Up in the hills, west of Nice, above the famous French Riviera city of Cannes, is the town of Grasse. It does not hold the popularity of its neighbouring cities, neither does it have the sea view. However, it has the most glorious fragrances. Thriving fields of flowers fill the air of Grasse with the aroma of jasmine, May rose, tuberose, and lavender. A confluence of soil, sun, and temperature nurture the most delicate of flowers, making it the perfume capital of the world.


But Grasse didn’t set out to be the perfume capital. Its story begins with the foul odours of yesteryear. Till the 16th century Grasse was famous across Europe for its leather. The production process involved tanning, which produced a pungent smell. The nobility of the town did not take it well. To appease them a tanner from Grasse presented the then French Queen, Catherine de Medici, a scented leather glove. That was the spark that led to the birth of the fragrance industry. Slowly, the region started producing iris, hyacinth, and rose-scented soaps. And the town folk began supplying raw materials to Persian scent-makers.



The elements of nature nurtured flowers in this region. Back in the 17th century rose, jasmine, lavender, myrtle, and wild mimosa became the genesis of the French perfume industry. Today Grasse is globally popular for jasmine and May rose, a pale pink flower that blossoms in May. These flowers form the base of numerous popular fragrances across the world, including Chanel’s crown jewel, No. 5. In fact, the town of Grasse vivaciously celebrates the glorious aroma of jasmine and May rose every year. Festivals are held in Grasse to mark the scents that gave it the title of perfume capital. Luxury brands like Dior, Hermès, and Chanel actively contribute to the economy of the town. A while ago Dior also re-established the former residence of Christian Dior, the famous Château de la Colle Noire, in Grasse.


Grasse’s ecology boasts of specimens dating back three centuries. During the industrialisation in the 19th century, perfumers ventured out and collected scent samples. They brought back fragrances likes patchouli from Singapore and pink pepper wood from California, though they did not alter the recipe of popular formulations. Precision is paramount in perfume making. For instance, perfumers in the region still use jasmine grown in Grasse for Chanel No. 5 since it was originally crafted with it. They explain that the same jasmine grown in Egypt or Morocco will be different because of the soil and climatic conditions.

Every year around 27 tonnes of jasmine are harvested in Grasse. The town possesses all the required technology from production to manufacturing extract. Now perfumers from across the globe arrive in Grasse to hone their sensory skills. The perfumeries and institutes here help those with the nose distinguish between over 2,000 scents.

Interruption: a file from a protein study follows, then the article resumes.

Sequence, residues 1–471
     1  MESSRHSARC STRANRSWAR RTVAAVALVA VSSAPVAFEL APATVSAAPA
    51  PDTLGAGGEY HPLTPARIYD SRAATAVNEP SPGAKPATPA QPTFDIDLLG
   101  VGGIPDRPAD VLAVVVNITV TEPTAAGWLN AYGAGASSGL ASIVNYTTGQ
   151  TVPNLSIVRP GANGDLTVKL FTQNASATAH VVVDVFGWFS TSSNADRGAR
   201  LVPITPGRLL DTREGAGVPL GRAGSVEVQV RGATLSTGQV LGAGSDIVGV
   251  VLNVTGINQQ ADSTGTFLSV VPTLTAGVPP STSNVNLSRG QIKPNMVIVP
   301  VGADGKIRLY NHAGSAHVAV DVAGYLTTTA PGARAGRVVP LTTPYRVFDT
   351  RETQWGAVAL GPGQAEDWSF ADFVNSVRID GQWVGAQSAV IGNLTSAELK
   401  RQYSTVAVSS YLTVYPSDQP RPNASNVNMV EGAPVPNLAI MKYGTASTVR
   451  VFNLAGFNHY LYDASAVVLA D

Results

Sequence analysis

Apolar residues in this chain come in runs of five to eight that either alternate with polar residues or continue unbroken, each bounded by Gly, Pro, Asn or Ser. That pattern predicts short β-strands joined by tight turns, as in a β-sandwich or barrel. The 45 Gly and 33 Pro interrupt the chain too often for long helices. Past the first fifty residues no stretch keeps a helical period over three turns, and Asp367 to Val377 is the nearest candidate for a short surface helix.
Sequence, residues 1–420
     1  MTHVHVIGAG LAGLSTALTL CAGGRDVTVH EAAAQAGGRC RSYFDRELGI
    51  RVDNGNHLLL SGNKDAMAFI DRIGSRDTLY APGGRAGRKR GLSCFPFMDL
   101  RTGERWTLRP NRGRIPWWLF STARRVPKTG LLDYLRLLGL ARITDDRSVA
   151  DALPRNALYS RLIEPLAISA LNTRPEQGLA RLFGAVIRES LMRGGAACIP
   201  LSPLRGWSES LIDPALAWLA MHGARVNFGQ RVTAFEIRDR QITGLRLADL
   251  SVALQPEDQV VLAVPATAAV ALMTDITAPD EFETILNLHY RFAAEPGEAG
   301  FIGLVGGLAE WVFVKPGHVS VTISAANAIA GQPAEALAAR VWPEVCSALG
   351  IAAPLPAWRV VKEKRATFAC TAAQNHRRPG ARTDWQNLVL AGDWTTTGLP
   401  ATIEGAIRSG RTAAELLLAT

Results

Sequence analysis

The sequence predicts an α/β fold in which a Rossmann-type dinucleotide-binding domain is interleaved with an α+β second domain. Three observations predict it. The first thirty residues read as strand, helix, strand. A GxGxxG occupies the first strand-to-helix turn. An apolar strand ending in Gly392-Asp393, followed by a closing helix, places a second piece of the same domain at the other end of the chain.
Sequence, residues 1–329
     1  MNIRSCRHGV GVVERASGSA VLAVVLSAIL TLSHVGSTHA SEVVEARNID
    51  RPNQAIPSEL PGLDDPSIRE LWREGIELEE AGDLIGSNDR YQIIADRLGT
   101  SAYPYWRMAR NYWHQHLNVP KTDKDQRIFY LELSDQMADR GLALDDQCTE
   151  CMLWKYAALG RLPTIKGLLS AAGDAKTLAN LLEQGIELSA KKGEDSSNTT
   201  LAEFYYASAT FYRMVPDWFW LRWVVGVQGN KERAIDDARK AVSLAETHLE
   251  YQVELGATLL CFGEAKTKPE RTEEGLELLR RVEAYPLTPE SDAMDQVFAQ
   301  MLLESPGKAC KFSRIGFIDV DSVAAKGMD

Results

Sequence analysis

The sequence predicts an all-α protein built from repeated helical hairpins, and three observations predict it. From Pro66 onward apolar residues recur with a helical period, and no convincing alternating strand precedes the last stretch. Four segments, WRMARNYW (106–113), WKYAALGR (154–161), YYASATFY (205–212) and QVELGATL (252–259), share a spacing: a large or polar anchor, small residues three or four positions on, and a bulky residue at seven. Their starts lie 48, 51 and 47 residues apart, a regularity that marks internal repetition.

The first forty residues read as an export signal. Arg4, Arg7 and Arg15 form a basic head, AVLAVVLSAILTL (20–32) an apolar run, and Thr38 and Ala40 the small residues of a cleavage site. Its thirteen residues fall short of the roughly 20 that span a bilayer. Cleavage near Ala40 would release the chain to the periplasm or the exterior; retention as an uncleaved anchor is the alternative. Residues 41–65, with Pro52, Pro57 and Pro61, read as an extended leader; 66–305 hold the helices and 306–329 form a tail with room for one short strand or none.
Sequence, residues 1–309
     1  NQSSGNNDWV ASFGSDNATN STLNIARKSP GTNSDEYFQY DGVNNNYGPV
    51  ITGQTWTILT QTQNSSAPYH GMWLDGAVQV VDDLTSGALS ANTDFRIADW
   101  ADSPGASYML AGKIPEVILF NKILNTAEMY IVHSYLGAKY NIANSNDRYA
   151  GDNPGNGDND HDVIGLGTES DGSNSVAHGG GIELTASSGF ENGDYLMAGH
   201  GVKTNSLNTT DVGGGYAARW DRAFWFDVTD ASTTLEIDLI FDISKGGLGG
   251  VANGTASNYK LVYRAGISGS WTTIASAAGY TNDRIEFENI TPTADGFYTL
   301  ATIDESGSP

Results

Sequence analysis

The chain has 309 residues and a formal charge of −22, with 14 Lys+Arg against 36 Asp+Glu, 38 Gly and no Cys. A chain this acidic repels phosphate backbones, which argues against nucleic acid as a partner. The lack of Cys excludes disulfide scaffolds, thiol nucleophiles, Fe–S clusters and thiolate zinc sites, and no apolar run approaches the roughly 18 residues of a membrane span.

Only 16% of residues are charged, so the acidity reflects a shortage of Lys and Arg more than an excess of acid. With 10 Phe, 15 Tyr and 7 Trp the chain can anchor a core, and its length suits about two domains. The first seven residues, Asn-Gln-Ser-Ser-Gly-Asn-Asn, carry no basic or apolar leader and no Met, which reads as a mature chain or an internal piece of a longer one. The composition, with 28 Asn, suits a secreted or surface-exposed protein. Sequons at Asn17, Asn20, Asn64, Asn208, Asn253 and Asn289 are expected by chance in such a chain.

Grasse exudes an old-world charm with a dash of modern brilliance. The city’s winding cobblestone streets are complemented by colourful cafes. One cannot walk by the lanes of Grasse without shops luring customers to their windows with scents of pastel soaps and perfumes. Architectural marvels hug the landscape of this medieval town. But the neighbouring areas possess rich soil and are blessed with a warm climate; the town provides the perfect environment for sweet-scented blossoms. Grasse also satiates the wanderlust of all those who pass through its borders. Grasse’s cathedral, Notre-Dame du Puy, marvels in the glory of Romanesque designs. Though modest in comparison to some others, the cathedral houses paintings by Peter Paul Rubens, and Jean-Honoré Fragonard, the man whose name is synonymous with the biggest fragrance house in the city. For a perfume lover, Grasse is a paradise. A trip to this quaint town can be embellished with the knowledge about the history of perfumes at Musée International de la Parfumerie. For those with a creative nature, perfumeries offer guided tours to go behind the scenes and comprehend the art of perfume making. And for those who have a nose for the process, the Grasse Institute of Perfumery offers a fragrant future.


Grasse owes its emergence as a perfume capital to nature’s blessing. The town is uniquely located between the mountains and the Mediterranean Sea, creating a balance ideal for cultivating delicate flowers. Its favourable weather with abundant sunshine, mild winters, and well-drained soil aids in the blooming of flowers. Today, the allure of jasmine, rose, mimosa, tuberose, and lavender attracts the fragrance and perfumery industry to this town. Grasse has been bestowed the status of World Heritage Site by UNESCO. Once you’ve stepped foot in the town of Grasse, the aroma lingers way after you leave its confines. This holds especially true if you are in the company of a few soaps, body sprays, and eau de toilette from the land of fragrances.